“Novel of ideas. The character of each personage must be implied; as far as possible, in the ideas of which he is mouthpiece. In so far as theories are rationalizations of sentiments, instincts, dispositions of soul, this is feasible. The chief defect of the novel of ideas is that you must write about people who have ideas to express, which excludes all but about 01per cent of the human race. Hence the real, the congenital novelists don’t write such books. But then, I never pretend to be a congenital novelist”.
“Point Counter Point” is more deliberately planned; the novel seems at least to have given each of its points of view some beginning, middle, and end. By interweaving these points of view, giving them a thematic structure, Huxley has placed a large premium upon his view of supplementary ideas. It is interesting how the several points of view are acted out, tested as the novel were, in the modern world, and the limitations of each are demonstrated in the individual fates of the persons who hold them. Spandrell, is himself not concerned with large social issues, lends courage to Illidge, scientist-Communist, so that Webley, Fascist, comes to a violent end. Lord Edward’s devotion to science is free, because he chooses it to be, of embarrassing complications which Illidge suffers through involvement in political action. He has instead what his assistant calls “a shameful and adulterous passion for idealistic metaphysics.” In each case, the point of view, which becomes quite clear very early in the novel, is so given as to form an essence of responsibility for the action consequent upon differences of opinion and opposing.
The author of a novel of ideas is a person of such greater interest in his own novel; his presence is more obvious, too. In the case of Huxley, there is a close interaction of the essayist with the novelist. They parallel each other for a time; they frequently supplement each other. The essayist is a kind of “supply station”, to which the novelist has recoursed. He is the novelist who steps where necessary. Huxley’s chiefly reputation is that of the novelist. In another sense, Huxley is the essayist-commentator upon twentieth-century morals and ideas.
The novel of ideas requires an equilibrium. Once the novelist deserts this position, his novels may become essays almost purely, the narrative itself being an exposition rather than a dramatization of ideas. This is what happened in Huxley’s later novels. He is alternately a caricaturist and an essayist; no longer a novelist of ideas but a philosopher.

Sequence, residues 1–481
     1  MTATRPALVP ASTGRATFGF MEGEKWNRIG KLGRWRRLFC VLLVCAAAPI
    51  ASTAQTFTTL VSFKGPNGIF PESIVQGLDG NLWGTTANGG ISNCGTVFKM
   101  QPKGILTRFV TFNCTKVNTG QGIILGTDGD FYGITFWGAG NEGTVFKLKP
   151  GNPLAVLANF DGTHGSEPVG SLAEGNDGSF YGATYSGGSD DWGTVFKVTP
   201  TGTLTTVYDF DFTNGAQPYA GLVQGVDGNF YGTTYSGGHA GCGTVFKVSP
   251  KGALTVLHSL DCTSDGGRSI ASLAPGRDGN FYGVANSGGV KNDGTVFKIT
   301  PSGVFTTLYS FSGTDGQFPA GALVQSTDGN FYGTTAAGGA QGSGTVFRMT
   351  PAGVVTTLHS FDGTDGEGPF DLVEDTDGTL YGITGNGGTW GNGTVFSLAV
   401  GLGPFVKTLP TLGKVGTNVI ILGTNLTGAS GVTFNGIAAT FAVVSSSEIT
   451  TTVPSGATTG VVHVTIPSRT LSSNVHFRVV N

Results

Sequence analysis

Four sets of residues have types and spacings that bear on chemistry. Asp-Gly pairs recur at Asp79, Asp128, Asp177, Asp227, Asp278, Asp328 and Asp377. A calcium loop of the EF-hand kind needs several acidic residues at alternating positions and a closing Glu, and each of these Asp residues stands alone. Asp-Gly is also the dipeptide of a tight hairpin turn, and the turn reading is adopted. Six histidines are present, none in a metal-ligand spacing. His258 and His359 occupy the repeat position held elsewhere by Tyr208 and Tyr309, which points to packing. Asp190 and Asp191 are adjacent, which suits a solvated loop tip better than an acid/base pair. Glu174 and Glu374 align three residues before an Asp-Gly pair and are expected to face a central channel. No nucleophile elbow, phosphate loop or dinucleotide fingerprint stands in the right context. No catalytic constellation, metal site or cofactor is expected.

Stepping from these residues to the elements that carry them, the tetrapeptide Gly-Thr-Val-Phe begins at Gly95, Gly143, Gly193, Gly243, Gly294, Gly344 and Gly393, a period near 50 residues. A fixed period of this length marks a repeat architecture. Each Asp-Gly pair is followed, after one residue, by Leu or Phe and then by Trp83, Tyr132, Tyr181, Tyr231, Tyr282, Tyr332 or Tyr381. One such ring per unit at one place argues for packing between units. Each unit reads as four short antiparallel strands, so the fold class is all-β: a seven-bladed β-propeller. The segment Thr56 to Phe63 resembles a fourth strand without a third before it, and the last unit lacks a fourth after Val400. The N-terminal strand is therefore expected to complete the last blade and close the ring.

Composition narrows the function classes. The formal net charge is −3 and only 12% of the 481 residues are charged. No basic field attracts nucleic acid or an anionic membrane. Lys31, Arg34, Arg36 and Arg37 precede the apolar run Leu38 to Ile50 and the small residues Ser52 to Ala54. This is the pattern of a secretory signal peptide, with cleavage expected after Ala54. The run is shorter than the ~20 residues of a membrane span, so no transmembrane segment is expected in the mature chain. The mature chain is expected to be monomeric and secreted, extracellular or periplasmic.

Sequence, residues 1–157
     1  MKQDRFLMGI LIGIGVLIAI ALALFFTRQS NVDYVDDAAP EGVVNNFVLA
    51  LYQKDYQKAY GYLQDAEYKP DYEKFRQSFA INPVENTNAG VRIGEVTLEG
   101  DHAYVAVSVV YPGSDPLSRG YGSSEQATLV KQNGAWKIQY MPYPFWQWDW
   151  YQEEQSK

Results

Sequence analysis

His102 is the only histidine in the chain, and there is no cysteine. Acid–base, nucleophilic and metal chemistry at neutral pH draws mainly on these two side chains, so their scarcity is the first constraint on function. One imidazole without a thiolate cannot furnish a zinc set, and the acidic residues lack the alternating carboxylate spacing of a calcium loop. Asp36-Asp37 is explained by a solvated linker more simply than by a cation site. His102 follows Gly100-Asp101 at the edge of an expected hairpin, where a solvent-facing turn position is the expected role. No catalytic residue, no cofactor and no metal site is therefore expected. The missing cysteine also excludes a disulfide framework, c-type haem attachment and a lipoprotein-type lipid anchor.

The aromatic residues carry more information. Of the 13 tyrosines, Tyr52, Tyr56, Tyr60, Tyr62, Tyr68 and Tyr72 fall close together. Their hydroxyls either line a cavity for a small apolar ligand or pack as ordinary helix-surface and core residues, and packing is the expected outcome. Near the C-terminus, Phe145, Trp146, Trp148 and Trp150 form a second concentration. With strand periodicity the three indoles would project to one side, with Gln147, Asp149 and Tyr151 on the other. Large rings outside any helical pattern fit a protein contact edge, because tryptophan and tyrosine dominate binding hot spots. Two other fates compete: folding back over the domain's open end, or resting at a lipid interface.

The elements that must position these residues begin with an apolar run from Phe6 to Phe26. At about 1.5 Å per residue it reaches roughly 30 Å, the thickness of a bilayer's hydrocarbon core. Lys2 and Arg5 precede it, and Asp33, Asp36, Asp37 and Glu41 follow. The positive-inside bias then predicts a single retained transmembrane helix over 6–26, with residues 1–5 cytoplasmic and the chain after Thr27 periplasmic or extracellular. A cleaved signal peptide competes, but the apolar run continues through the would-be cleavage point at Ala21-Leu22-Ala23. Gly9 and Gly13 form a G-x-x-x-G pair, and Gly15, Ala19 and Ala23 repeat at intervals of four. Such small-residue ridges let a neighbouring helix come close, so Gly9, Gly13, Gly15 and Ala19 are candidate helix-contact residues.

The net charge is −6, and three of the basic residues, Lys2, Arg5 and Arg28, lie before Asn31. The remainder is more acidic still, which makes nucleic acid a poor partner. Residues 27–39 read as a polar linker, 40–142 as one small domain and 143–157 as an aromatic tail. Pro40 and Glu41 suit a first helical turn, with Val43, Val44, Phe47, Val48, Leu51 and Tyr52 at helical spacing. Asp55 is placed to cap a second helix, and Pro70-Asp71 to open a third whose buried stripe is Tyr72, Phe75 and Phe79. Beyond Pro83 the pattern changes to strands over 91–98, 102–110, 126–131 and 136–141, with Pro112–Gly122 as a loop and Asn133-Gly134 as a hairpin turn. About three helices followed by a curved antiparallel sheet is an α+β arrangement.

Huxley’s novels of the 1920’s are novels of ideas-ideas put into a world in which they may test themselves. These novels are an expression of the vitality of ideas in the 1920’s, but at the same time they are a testimony of the “intellectual confusion” of that period. Most important of all, the novel of ideas are really portraits of the age.
14. The life and work of J.Joyce: his impact on the whole literary process of the 20th century.
James Joyce (1882-1941) is a colossus of modernist fiction. Joyce combined stream-of-consciousness, absurdist drama, mythical parallelism, and other techniques in a formal mélange that has had a profound impact on other modernists and future generations of novelists.
Joyce was born in the Dublin suburbs in 1882 to a Roman Catholic family. His father, John Joyce, a renowned drinker, singer, and storyteller who was on a steady social decline throughout his son’s childhood, would serve as a model for Simon Dedalus in A Portrait of the Artist as a Young Man and Ulysses. As a young student, Joyce attended first Clongowes Wood College and then Belvedere College, both Jesuit schools. At the age of 16, Joyce rejected Catholicism; the symbols, rituals, history, and theology of the Church, however, would remain important sources for his later fiction.
Starting in 1898, Joyce attended University College Dublin, where he began dabbling in lyric poetry and wrote a review of Ibsen’s When We Dead Awaken that received an appreciative response from the playwright himself. After graduating in 1902, Joyce left for Paris to study medicine; he soon found this career unpalatable, however, and instead embarked upon a literary career. In 1903, Joyce returned to Dublin to see his dying mother, refusing to kneel at her bedside, a decision that would haunt Joyce’s future fictional avatar Stephen Dedalus.
On June 16, 1904, Joyce went on his first date with his future wife, Nora Barnacle; the date would later be immortalized as the day, on which the action of Ulysses is set.
Joyce’s first published book, Dubliners(1914), consisting of stories he had written over the previous decade, was a naturalistic look at what Joyce called the spiritual paralysis of Dublin. Although he had completed most of the book by 1905, most prospective publishers feared prosecution for obscenity and libel, since the book contained the word "bloody" and an unflattering reference to King Edward VII. When it was finally published, no prosecution followed, but it would not be Joyce's last experience of censorship.
During the decade it took to get Dubliners published, Joyce had been working on an autobiographical novel that eventually became A Portrait of the Artist as a Young Man. Ezra Pound, who had learned about Joyce's work from William Butler Yeats, took up Joyce's cause, publishing oen of his poems in his anthology Des Imagistes(1914), and arranging gor the publication of Portrait in The Egoist, beginning on Feruary 2, 1914 (Joyce's thirty-second birthday). In this novel, the free indirect discourse of Dubliners gave way to more daring formal experimentation, such as the mimicking of an infant’s language in the novel’s opening pages and the representation of a young aesthete’s mind at work throughout.